Comcast is a leading cable TV, broadband and television provider in the United States. Comcast’s cable business has steadily gained broadband market share over the past 20 years as high-quality internet access has become a staple utility. Morningstar’s Michael Hodel estimates the firm has increased broadband market share in the areas it serves to about 65% from 50% a decade prior, meaning Comcast’s customer base in the typical market area is twice the size of its rivals’.

Comcast’s Wide Moat rating stems from advantages in its core cable and broadband business. The cost to enter this market is enormous. While technological developments have made it possible to build more efficient and reliable networks, deploying these technologies still requires heavy construction spending, while also overcoming the regulatory hurdles that municipalities often impose. Assuming successful network construction, entrants then face steep customer acquisition costs and startup losses as they attempt to gain share, typically with a modestly differentiated product in a rapidly maturing market.

Comcast’s television business is home to major US television network NBC and its Peacock streaming service, the Sky pay TV business, Universal movie hits like Jurassic Park and Despicable Me, and theme park assets related to those and several other franchises. Hodel sees this segment as having less durable advantages than the cable business but thinks it would deserve a Narrow Moat rating due to intangible assets.

Hodel’s USD 56 per share fair value estimate compares to a price of around $38 today. At the group level, he expects only modest revenue growth over the next several years as the declining traditional TV business largely offsets modest broadband customer gains, Peacock adoption, and expansion of the theme parks. Hodel has assigned an Uncertainty rating of Medium to his valuation, noting that broadband’s status as a public necessity brings plenty of regulatory scrutiny with it. While technological obsolescence is always a risk, he doesn’t expect that the 5G networks being built out by phone firms will radically alter the in-home internet access market.

His key overarching assumption is that Comcast maintains its position as a dominant internet access provider in most markets it serves, providing a solid foundation for the firm to build customer relationships and benefit from strong pricing power.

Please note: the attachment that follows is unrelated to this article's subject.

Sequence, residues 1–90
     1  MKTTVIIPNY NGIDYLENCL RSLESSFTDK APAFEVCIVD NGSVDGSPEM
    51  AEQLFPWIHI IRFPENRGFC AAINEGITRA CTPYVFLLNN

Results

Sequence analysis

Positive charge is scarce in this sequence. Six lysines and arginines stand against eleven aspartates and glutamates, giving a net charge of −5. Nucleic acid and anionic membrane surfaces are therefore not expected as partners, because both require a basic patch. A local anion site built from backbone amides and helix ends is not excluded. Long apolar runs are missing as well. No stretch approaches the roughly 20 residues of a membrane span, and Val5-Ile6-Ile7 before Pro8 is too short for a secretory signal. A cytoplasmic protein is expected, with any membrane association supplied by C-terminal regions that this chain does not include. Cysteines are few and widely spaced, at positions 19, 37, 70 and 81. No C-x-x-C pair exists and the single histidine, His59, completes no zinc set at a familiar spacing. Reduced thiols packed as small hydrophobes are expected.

With a network that can be upgraded at modest incremental cost, Hodel expects that Comcast will remain the dominant broadband provider in many parts of the country and compete well in areas where the phone companies are building fibre networks. He also thinks that capacity limitations will ultimately constrain the number of broadband customers that fixed wireless carriers can serve. Any evidence of this could improve sentiment towards Comcast shares, which have been weighed down by strong subscriber growth numbers for prominent wireless providers like T-Mobile US.

Before you get to choosing funds or stock investments, we recommend you form a deliberate investing strategy. You can read more about how to do this here.

Terms used in this article

Star Rating: Our one- to five-star ratings are guideposts to a broad audience and individuals must consider their own specific investment goals, risk tolerance, and several other factors. A five-star rating means our analysts think the current market price likely represents an excessively pessimistic outlook and that beyond fair risk-adjusted returns are likely over a long timeframe. A one-star rating means our analysts think the market is pricing in an excessively optimistic outlook, limiting upside potential and leaving the investor exposed to capital loss.

Fair Value: Morningstar’s Fair Value estimate results from a detailed projection of a company's future cash flows, resulting from our analysts' independent primary research. Price To Fair Value measures the current market price against estimated Fair Value. If a company’s stock trades at $100 and our analysts believe it is worth $200, the price to fair value ratio would be 0.5. A Price to Fair Value over 1 suggests the share is overvalued.

Moat Rating: An economic moat is a structural feature that allows a firm to sustain excess profits over a long period. Companies with a narrow moat are those we believe are more likely than not to sustain excess returns for at least a decade. For wide-moat companies, we have high confidence that excess returns will persist for 10 years and are likely to persist at least 20 years. To learn about finding different sources of moat, read this article by Mark LaMonica.

Uncertainty Rating: Morningstar’s Uncertainty Rating is designed to capture the range of potential outcomes for a company. An investor can think of this as the underlying risk of the business. For higher risk businesses with wider ranges of potential outcomes an investor should consider a larger margin of safety or difference between the estimate of what a share is worth and how much an investor pays. This rating is used to assign the margin of safety required before investing, which in turn explicitly drives our stock star rating system. The Uncertainty Rating is aimed at identifying the confidence we should have in assigning a fair value estimate for a stock. Read more about business risk and margin of safety here.